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The Wiramuda case – landmark Federal Court ruling in Malaysia that compensation is not taxable

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S Saravana Kumar and Wen Hui Yap of RDS Partnership analyse the crucial income tax ruling and its implications for the supremacy of Malaysia’s Federal Constitution.

Recently, the Federal Court led by the Chief Justice unanimously ruled that Section 4C of the Income Tax Act 1967 (ITA) is unconstitutional.

The taxpayer was successfully represented by D P Naban, S. Saravana Kumar and Yap Wen Hui together with its instructing solicitors.

Key facts

In 1987, the Selangor State Government handed out parcels of land (the Land) to the taxpayer (Wiramuda). In the early 1990s, the taxpayer commenced quarry activities which continued until 2011. From 2011, the taxpayer remained a dormant company. In 2016, the state government compulsorily acquired the Land for the construction of a highway. The taxpayer was awarded compensation for the compulsory acquisition.

The Inland Revenue Board (IRB) imposed additional taxes of about RM 52 million against the taxpayer by subjecting the compensation to income tax under Section 4C.

Feeling aggrieved, the taxpayer commenced judicial review proceedings against the IRB. Amongst other things, the taxpayer argued that Section 4C was unconstitutional as it deprives the taxpayer’s right to receive adequate compensation for compulsory acquisition of the Land under Article 13(2) of the Federal Constitution.

History of Section 4C

Prior to the introduction of Section 4C, the Court of Appeal in Penang Realty held that compensation received by the taxpayer for the compulsory acquisition of land is not subject to income tax. The Court of Appeal adopted the principle proclaimed by the Supreme Court in Lower Perak which held that the element of compulsion nullified the intention to trade. The decision in Penang Realty was subsequently followed by the High Court in Metacorp Development. The Federal Court subsequently affirmed the High Court’s ruling in the Metacorp case.

Consequent to these rulings, Section 4C was enacted through the Finance Act 2014, and it reads:

“For the purpose of paragraph 4(a), gains or profits from a business shall include an amount receiveable arising from stock in trade parted with by any element of compulsion including on requisition or compulsory acquisition or in a similar manner.”

Taxpayer’s submission

The crux of the taxpayer’s submission was as follows:

  • The concept of “adequate compensation" as envisaged under Article 13(2) is the sum that would place the taxpayer in the same financial position as he would have been if there was no compulsory acquisition of the land. This is known as the principle of equivalence, which was applied by the Federal Court in Semenyih Jaya;

  • Section 4C was enacted to subject the compensation received for the compulsory acquisition of land to income tax. It took away and reduced the amount of compensation received by a person whose land is compulsorily acquired; and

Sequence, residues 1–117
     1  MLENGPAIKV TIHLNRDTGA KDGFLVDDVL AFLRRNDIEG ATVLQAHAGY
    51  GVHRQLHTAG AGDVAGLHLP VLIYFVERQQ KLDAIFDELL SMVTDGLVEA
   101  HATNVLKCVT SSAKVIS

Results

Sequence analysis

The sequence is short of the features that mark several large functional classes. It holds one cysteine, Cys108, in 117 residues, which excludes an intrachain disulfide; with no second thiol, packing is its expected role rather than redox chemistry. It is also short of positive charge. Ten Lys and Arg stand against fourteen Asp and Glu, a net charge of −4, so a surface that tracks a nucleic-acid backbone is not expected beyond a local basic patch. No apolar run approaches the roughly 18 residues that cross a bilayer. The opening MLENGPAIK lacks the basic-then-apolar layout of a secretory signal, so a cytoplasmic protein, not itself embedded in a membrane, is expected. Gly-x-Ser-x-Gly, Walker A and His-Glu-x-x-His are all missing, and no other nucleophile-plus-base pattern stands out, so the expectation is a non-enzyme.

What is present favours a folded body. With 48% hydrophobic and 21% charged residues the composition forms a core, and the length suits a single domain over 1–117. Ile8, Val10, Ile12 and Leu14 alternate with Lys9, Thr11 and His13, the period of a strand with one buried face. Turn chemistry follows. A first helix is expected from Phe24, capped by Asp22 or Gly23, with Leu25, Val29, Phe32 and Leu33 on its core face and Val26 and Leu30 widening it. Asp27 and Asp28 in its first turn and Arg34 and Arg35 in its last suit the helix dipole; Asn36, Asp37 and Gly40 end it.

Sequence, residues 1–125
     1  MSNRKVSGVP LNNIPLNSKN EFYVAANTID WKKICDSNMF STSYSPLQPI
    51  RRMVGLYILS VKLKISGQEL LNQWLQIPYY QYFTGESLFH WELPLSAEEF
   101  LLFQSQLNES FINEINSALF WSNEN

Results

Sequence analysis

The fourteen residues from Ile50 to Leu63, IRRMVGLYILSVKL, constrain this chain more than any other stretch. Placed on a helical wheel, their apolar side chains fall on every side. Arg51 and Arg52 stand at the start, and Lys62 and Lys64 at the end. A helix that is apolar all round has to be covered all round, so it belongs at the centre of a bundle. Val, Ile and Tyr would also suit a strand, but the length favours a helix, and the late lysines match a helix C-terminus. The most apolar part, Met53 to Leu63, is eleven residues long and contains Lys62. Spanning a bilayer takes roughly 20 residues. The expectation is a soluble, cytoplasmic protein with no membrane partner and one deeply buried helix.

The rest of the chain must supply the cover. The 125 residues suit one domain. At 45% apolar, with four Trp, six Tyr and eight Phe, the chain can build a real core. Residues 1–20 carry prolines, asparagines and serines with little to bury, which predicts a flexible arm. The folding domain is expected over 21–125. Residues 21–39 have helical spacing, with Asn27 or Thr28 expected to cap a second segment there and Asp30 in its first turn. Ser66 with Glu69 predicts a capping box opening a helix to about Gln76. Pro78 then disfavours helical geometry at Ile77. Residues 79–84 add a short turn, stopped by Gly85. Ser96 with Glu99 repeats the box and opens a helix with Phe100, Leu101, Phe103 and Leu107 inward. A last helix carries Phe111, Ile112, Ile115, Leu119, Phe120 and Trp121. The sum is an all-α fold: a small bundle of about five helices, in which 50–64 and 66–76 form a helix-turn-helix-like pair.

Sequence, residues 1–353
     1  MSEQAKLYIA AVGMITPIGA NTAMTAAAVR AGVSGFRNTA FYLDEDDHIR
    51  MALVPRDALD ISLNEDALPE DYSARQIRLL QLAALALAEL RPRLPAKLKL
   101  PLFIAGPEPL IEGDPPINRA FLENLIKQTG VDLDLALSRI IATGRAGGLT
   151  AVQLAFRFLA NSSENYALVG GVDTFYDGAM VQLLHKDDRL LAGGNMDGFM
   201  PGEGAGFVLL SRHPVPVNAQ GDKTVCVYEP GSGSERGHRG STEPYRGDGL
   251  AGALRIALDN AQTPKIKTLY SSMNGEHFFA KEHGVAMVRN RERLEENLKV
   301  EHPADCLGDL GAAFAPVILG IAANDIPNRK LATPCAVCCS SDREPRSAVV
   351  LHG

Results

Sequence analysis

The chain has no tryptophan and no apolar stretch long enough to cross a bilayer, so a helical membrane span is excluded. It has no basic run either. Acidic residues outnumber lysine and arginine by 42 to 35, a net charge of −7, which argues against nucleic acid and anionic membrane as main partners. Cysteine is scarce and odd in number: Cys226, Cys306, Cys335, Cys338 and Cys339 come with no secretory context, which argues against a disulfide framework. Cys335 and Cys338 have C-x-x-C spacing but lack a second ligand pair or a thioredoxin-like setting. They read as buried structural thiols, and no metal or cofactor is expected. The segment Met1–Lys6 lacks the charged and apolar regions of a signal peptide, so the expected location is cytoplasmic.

• Section 4C eroded the fundamental right to “adequate compensation” under Article 13(2), thus making the protection guaranteed by the Federal Constitution illusory.

IRB’s submission

The IRB argued that:

  • The judicial power to award adequate compensation for the compulsory acquisition of land lies solely with the High Court judge under the Land Acquisition Act (1960). Thus, the taxpayer was estopped from raising any contention on the adequacy of compensation in the Federal Constitution;

  • Section 4C was consistent with the Federal Constitution as Article 13(2) did not restrict the legislative powers of Parliament but merely requires adequate compensation to be awarded for the compulsory acquisition of land; and

  • Section 4C does not conflict with Article 13(2) as the provision was duly legislated by Parliament.

High Court’s decision

The High Court dismissed the judicial review application and held that Section 4C was duly inserted by Parliament into the ITA. Thus, it cannot be said to be in contravention of the Federal Constitution. Article 96 of the Federal Constitution gives the power to the Director General of Inland Revenue to impose taxes on the taxpayer in accordance with the law.

Court of Appeal’s decision

The Court of Appeal also unanimously dismissed the taxpayer’s appeal on the grounds that there was a strong presumption of constitutionality in relation to Section 4C. As Section 4C was enacted via the Finance Act 2014 and was passed by Parliament, the Court of Appeal held that Section 4C conformed to Article 13(2) and Article 96.

Federal Court’s decision

In a unanimous decision, the Federal Court held that Section 4C of the ITA was unconstitutional as it contravened Article 13(2) by depriving the taxpayer of adequate compensation arising from the compulsory acquisition of the land.


This is a landmark ruling as this is the first time where the apex court ruled that the tax provision in the ITA is unconstitutional. It is a welcome move to uphold the supremacy of the Federal Constitution over legislation passed by Parliament. This ruling serves as a good reminder that Parliament does not have the power to enact law, including tax law, that erodes the fundamental rights guaranteed by the Federal Constitution.

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